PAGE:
About six months ago, Alteryx, an Irvine-based software company, was working with a restaurant chain to help figure out why a particular region wasn’t performing as well as it should.
After a few minutes of setup, CEO Dean Stoecker said, the Alteryx software surfaced a tweet sent in the under-performing region that offered a pretty good indication.
“The first tweet that came across said a big roach crossed my table last night,” Stoecker said.
The insight, though seemingly obvious, underscores the number of sources businesses must evaluate for information to help them succeed. Alteryx is one of a growing roster of companies seeking to answer straightforward questions by sifting huge quantities of information. Last year, it received $12 million in venture capital backing and is expected to grow from 170 employees to more than 200 this year.
The refinement of data-sifting technology is allowing organizations to make smarter, quicker, decisions about everything – from which coupons to send to particular customers to who should be watched as a potential terrorist.
The key is to blend different stores of information – customer data, weather, competitors, loyalty cards and online or offline behavior – to cut the time needed to find an answer.
Data collection is fueling an ongoing privacy debate, ranging from the NSA’s mass collection of communications to the privacy of our Web surfing and the movements recorded by our phones.
That debate is likely to be hashed out for years to come. In the meantime, companies like Alteryx are building the software to help customers like haircut franchise Great Clips figure out where to put the next store.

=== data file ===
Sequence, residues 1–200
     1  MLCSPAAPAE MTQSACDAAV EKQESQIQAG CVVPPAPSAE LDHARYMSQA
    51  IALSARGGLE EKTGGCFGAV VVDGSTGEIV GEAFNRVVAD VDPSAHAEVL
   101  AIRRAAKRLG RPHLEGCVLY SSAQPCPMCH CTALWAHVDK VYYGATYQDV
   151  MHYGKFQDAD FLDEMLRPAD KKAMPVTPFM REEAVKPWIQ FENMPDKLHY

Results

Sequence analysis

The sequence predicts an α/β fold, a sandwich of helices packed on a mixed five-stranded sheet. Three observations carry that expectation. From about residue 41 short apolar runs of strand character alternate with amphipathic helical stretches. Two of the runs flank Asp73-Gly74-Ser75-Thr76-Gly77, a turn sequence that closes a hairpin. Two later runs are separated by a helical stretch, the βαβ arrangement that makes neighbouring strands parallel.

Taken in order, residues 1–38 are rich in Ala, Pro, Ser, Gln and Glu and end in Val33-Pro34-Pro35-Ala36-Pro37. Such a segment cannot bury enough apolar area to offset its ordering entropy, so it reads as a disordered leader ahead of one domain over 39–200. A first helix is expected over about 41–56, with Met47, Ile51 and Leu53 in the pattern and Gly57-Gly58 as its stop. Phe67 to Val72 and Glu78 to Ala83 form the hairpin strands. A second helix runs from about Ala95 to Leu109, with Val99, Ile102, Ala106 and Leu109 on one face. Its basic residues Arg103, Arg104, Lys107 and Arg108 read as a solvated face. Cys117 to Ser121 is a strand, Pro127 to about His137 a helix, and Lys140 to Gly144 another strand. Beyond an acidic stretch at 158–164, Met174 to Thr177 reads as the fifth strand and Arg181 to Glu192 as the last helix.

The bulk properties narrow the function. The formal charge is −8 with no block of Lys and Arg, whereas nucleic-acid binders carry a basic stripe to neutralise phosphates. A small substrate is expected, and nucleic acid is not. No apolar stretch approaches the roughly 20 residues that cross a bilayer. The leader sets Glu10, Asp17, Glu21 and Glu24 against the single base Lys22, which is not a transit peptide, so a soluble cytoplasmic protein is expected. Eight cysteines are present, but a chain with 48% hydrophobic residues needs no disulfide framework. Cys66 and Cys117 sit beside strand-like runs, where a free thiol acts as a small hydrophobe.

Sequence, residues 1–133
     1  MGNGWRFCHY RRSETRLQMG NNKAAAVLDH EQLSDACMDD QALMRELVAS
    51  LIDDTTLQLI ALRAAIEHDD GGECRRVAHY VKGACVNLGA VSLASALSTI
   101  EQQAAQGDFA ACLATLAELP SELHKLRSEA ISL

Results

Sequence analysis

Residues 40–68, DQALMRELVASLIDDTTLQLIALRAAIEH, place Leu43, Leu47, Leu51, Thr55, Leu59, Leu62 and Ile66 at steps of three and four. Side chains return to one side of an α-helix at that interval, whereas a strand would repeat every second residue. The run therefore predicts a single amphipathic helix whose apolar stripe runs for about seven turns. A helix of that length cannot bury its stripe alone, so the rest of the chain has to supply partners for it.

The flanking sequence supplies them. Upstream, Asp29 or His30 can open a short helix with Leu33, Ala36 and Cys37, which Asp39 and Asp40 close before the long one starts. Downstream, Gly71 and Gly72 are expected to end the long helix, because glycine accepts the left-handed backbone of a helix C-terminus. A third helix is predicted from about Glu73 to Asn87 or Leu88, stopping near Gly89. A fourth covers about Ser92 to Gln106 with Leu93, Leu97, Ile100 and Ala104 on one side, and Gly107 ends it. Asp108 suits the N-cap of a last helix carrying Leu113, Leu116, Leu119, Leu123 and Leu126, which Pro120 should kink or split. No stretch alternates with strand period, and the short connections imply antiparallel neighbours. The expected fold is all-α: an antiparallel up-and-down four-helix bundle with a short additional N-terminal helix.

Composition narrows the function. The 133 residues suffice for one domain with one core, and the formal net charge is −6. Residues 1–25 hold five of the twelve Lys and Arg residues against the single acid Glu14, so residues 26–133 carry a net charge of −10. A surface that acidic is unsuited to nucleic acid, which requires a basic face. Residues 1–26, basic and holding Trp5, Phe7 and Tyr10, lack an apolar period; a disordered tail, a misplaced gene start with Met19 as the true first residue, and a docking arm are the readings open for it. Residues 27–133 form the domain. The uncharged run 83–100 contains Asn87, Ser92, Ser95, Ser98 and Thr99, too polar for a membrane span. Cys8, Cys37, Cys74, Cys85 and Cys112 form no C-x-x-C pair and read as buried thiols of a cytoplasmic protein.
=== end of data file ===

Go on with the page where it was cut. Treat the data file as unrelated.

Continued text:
The Register sat down with Stoecker to discuss the technology and where it’s headed.
Q. Why is there such a drive to collect more information?
A. I’ve got to consume anything that might be relevant ... to get the right answer.
If you aren’t going to have your teams become analytically minded, you will become irrelevant. Because there’s too much data that allows competitors to make better decisions, and you’ll get outsmarted every step of the way.
Q. So decisions get smarter the more data you get?
A. In data sciences, there is no precision. ... You reach that law of diminishing returns where you try harder and harder to get that final incremental improvement. And generally it’s because there’s not enough data. So you have to have a tool that allows you to ingest more of that as it becomes available.
It used to be everything was in one database. If it wasn’t (in that database), you really wouldn’t be able to incorporate that content in order to make better decisions. Now the tools have changed where it doesn’t really matter what the data source happens to be. And the tools are fast enough to where I can leverage all the possible content to improve my decision-making capabilities.
©2014 The Orange County Register (Santa Ana, Calif.)